Good habits

Build Good Habits with Decisive Moments

This time of year, many of us are trying to establish new healthy habits through New Year’s resolutions. One great way to do this is through “Decisive Moments”.

We tend to focus on the activity that gets us the results we want, such as going to the gym three days a week. What is more important is developing a short routine that ensures we will follow through to the desired behavior. If you want to start working out more, figure out what the first behavior is that will ensure that you get to the gym. It might be packing your gym bag in the morning and putting it by the front door so you remember to take it with you when you leave for work. It might making a point of turning left out of your work parking lot instead of turning right to go home. Once you turn left you are almost sure to follow through and get to the gym.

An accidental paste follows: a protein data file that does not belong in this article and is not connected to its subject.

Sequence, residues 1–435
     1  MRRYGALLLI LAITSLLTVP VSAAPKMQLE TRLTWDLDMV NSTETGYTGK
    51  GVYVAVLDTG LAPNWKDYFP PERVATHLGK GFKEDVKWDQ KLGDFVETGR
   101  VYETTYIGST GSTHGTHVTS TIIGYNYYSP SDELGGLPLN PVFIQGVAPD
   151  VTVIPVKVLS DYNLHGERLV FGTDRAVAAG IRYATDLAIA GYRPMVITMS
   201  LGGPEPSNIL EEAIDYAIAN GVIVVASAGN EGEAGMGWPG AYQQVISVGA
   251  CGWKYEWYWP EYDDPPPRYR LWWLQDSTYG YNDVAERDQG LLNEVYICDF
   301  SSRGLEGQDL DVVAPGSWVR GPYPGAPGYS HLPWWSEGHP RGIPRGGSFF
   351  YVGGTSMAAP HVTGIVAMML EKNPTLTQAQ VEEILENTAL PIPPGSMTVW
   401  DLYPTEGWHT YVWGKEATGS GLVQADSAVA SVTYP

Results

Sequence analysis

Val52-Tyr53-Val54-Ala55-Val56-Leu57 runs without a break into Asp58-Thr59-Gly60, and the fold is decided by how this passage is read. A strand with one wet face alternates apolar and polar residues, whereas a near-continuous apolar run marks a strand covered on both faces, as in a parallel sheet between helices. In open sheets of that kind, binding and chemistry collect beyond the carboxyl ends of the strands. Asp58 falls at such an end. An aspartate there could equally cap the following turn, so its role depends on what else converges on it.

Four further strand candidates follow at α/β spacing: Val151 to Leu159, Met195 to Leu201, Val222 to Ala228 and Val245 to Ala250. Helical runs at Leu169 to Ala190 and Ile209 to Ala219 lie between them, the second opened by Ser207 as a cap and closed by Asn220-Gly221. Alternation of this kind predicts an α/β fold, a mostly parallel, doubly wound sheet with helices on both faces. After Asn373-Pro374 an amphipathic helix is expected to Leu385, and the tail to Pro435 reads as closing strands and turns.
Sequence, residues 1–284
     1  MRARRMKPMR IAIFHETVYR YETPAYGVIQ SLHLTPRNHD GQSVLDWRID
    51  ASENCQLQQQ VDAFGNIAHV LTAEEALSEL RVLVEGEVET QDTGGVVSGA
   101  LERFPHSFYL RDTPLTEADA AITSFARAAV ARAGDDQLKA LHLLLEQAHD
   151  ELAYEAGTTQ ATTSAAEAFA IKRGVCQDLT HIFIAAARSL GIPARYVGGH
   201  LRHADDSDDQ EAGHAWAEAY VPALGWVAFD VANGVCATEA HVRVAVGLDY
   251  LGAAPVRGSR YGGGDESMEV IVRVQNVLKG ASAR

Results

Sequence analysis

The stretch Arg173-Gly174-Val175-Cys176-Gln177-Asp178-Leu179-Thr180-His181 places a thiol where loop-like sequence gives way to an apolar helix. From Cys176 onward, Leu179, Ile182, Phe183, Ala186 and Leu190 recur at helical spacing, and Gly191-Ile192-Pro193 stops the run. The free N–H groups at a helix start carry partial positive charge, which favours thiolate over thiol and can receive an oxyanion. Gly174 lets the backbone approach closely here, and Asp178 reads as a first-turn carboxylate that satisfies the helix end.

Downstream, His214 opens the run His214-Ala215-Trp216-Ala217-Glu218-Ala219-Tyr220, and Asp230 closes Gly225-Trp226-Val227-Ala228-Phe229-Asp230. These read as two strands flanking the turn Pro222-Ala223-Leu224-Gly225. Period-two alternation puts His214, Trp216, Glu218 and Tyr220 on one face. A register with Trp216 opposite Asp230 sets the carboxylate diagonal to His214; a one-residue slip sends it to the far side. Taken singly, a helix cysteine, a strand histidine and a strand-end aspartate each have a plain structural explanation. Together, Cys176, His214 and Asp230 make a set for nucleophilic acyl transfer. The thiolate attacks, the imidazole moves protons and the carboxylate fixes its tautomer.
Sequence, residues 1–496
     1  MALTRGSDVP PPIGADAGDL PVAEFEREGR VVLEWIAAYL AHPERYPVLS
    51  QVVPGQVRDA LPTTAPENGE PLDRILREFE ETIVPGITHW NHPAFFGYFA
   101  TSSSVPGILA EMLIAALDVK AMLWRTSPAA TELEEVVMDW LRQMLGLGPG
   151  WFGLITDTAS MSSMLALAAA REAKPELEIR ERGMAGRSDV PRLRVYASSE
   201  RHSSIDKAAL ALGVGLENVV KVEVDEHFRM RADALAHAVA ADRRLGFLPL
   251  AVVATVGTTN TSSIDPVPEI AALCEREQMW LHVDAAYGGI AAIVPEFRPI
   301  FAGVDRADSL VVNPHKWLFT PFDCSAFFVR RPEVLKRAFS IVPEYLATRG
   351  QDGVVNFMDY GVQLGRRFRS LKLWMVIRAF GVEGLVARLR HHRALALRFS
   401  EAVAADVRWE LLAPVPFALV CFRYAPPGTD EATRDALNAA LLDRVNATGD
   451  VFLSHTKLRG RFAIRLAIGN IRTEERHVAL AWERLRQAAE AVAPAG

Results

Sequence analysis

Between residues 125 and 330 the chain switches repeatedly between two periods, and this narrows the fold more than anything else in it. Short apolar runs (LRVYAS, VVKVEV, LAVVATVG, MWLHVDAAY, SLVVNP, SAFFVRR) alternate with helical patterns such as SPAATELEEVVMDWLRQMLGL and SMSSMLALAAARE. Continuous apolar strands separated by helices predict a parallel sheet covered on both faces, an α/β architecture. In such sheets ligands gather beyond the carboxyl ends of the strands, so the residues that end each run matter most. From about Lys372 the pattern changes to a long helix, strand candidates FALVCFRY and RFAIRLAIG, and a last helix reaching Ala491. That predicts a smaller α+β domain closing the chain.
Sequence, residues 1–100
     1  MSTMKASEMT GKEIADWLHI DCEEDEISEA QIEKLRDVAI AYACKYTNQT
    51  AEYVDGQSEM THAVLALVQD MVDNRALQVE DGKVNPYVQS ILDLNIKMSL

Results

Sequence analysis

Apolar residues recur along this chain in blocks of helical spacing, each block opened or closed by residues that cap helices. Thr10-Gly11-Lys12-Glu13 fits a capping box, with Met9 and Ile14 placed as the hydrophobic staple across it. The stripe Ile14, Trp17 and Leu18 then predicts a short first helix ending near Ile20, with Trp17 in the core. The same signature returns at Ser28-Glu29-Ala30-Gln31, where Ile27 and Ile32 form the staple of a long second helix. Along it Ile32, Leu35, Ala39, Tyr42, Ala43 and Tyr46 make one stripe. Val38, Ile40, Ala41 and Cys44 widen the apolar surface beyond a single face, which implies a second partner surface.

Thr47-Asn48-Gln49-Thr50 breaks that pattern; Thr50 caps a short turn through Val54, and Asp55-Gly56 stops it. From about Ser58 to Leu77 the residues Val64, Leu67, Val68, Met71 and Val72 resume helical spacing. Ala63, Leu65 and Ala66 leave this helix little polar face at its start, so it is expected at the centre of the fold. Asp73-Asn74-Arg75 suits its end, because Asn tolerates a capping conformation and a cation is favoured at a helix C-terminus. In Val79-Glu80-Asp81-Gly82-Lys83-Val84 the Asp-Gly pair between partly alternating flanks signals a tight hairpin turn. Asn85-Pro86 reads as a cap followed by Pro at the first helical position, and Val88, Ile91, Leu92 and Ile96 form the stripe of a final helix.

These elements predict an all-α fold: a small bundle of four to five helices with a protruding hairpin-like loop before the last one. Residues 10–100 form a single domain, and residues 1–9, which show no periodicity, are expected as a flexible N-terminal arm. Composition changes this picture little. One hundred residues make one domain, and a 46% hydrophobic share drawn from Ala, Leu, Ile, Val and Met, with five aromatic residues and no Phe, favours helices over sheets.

What if you want to save money, and calories, by taking your lunch to work instead of eating lunch out. You might develop a habit of setting a lunchbox on the counter as part of your night time routine, so seeing the lunchbox on the counter in the morning prompts you to make a lunch in the morning.

For me, I want to start working out at home so I started setting a set of dumbbells in the living room so I see them after work. Seeing them prompts me to pick them up and do a few curls, and doing this feels good so I’m more likely to walk to the other room where the weight bench is to do some more.

If you can find the small behavior that sets the bigger behavior in motion, it’s much easier to do the thing you tend to put off. If you come home and immediately put on your running shoes, something you don’t have to think too hard about, you’re more likely to get outside. Remember, humans are basically lazy by design and our brains try to conserve energy so trying to drum up the willpower to “work out for an hour” or “clean house for and hour” can seem daunting and our brains tend to say “Nope, maybe later”. But, if we make the beginning behavior super easy and it takes almost no energy, we’re more likely to do the smaller behavior. Once we do the smaller behavior, we’re more likely to follow through and do more than we planned. And voila, you’re on your way to doing the main objective.